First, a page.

In a recent interview with SyFy Wire, Peter David said that his goal with Ben Reilly: The Scarlet Spider is “to make us root for the bad guy.” With that in mind, issue two of this series completely embraces the badness of its main character. After a frankly bizarre first issue, it has become clearer in this second issue what kind of story David plans on telling here. Gone for now are those ghosts of Ben Reilly’s past. As a result, Ben Reilly: The Scarlet Spider #2, while still flawed, is much more focused than the previous issue.
Peter David appears to have, for now at least, settled on a characterization of Ben. His Scarlet Spider is a sociopath whose sole motivation in this story is self-preservation. Yet, he lacks any of the false sense of nobility that characterized his appearance in “Dead No More.” When confronted with the emotional cost of his previous actions, he experiences not even the slightest twinge of regret, nor even the weight of responsibility towards others. Instead, any heroic actions he may accomplish are simply coincident with his efforts to save his own scarred skin.
Mark Bagley is certainly a good fit for this book. His art style, rendering a cast of morally ambiguous characters, makes this book feel like a lost 90s comic. As someone whose love of comics was nourished by 90s Marvel, I mean that last statement strictly as a compliment. This is his best work in quite a while and he really seems to be at home in the Spider-books. His artwork is somewhat loose and cartoony, but detailed when it comes to the facial work, particularly considering this book contains no fewer than three characters with some sort of facial scarring. He manages to make Ben Reilly and Kaine distinguishable, despite the fact that they are both Peter Parker clones with scarred faces.
The book is building towards a confrontation between the Scarlet Spiders. It’s obvious that the reaction the reader is supposed to have is one akin to the confrontation between Walter White and Gus Fring in Breaking Bad, where two dark, complex figures collided, the audience knowing that each man would do whatever it took to win. That worked because the audience understood White’s motives enough to still feel invested in him, whether or not they actually liked the things he did. Here, Reilly is such a simplistically unlikable character, it is difficult to know whether to root for him to manage to somehow escape from the consequences of his actions or for Kaine to apprehend him.
The morality of Scarlet Spider is a thin shade of gray; it is a shallow, cartoonish moral ambiguity not rooted in the character work necessary to make us care about him. This is a story without a protagonist, at least in the sense of having someone we want to see succeed. The start of more nuanced character work is there: Ben is a bad photocopy of Peter Parker, a copy of a copy, replicated so many times until the resemblance to the original has been lost almost completely. Yet, David shows us there is still some humanity there, with his introspection on the suffering of children. Hopefully, as the story continues, the character becomes even more nuanced, giving the audience something to cheer for.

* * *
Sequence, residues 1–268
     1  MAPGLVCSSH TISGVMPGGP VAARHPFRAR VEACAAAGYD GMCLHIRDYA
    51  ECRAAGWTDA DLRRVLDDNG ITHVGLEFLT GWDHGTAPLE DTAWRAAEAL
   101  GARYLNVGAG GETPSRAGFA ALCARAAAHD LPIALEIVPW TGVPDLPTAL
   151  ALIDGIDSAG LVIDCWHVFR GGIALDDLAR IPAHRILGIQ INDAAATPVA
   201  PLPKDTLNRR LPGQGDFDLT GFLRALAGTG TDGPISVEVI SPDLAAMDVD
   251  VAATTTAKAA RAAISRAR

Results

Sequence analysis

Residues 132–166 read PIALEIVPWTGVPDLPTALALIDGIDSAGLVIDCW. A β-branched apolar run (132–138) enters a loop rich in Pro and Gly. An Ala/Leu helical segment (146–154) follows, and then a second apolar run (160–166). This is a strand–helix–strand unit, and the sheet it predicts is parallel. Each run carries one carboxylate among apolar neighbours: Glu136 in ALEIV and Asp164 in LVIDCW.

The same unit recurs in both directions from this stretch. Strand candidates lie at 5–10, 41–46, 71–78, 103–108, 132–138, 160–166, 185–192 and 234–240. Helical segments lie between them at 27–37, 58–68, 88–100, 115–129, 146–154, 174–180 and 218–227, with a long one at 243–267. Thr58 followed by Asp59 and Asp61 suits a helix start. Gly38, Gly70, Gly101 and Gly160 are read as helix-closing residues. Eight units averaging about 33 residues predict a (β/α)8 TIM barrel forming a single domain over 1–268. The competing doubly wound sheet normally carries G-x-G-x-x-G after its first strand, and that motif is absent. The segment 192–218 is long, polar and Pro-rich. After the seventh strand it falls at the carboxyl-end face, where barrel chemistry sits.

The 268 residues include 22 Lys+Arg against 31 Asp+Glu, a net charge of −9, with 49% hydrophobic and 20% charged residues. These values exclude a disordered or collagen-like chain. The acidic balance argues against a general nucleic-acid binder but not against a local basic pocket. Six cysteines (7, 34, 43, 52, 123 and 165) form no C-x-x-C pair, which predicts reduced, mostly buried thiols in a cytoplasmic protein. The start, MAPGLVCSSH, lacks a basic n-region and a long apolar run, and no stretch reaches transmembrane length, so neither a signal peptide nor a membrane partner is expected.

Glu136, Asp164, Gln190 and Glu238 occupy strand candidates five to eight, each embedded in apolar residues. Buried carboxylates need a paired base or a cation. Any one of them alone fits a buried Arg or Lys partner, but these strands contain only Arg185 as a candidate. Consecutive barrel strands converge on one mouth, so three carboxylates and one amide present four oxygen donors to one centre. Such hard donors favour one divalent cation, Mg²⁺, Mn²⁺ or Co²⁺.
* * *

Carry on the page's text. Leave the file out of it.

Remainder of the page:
I get what they’re going for with Ben’s “aunt” June, but I just wish they’d stop. June is a clear play on Aunt May, June being the month after May, and Ben’s adoption of her as his aunt is a part of Ben’s attempt to model himself after Peter by giving himself a maternal figure to protect. Yet, instead of protecting her, he merely feeds her vices, receiving contempt instead of love in return. Whenever she appears, the scene can never end soon enough for me, even if she’s only around for a few panels. Unless this character has an arc that is heading somewhere I can’t anticipate, it appears to be just a joke that has gone on for too long.
The nature of a sequential narrative art form like comics necessitates a degree of patience: a story is told over a period of several months, in 22-page installments. Moreover, in instances like The Scarlet Spider, often a writer takes ownership of a character who is not yet in the place that writer wants him or her in order to tell the story the writer wishes. So, in order to even get to that story, it takes some time. All of this to say that, just two issues in, David and Bagley’s Scarlet Spider still requires a little bit of time before it gets where it’s going.
This series has been a slow burn, with this issue not straying too far from many of the plot beats introduced in the last issue. With the high volume of books Marvel in general and the Spider-office specifically cranks out monthly, one thing we can say about this book is that it has come closer to securing its own corner of the market by bringing a morally ambiguous, anti-hero inversion of Spider-Man. This book is still flawed, but the book has taken a step in the right direction by at least committing to a characterization of Ben. The book no longer reads quite as confusing; I see what he’s doing, but if I’m going to really buy into it, I hope future installments give the readers a better look into the character of Ben Reilly so we have more of a reason to see him succeed.
Ben Reilly: The Scarlet Spider #2 narrows its focus and its characterization to make for a more focused issue than its predecessor. However, if readers are going to stick around, the creative team needs to help them find something worth rooting for.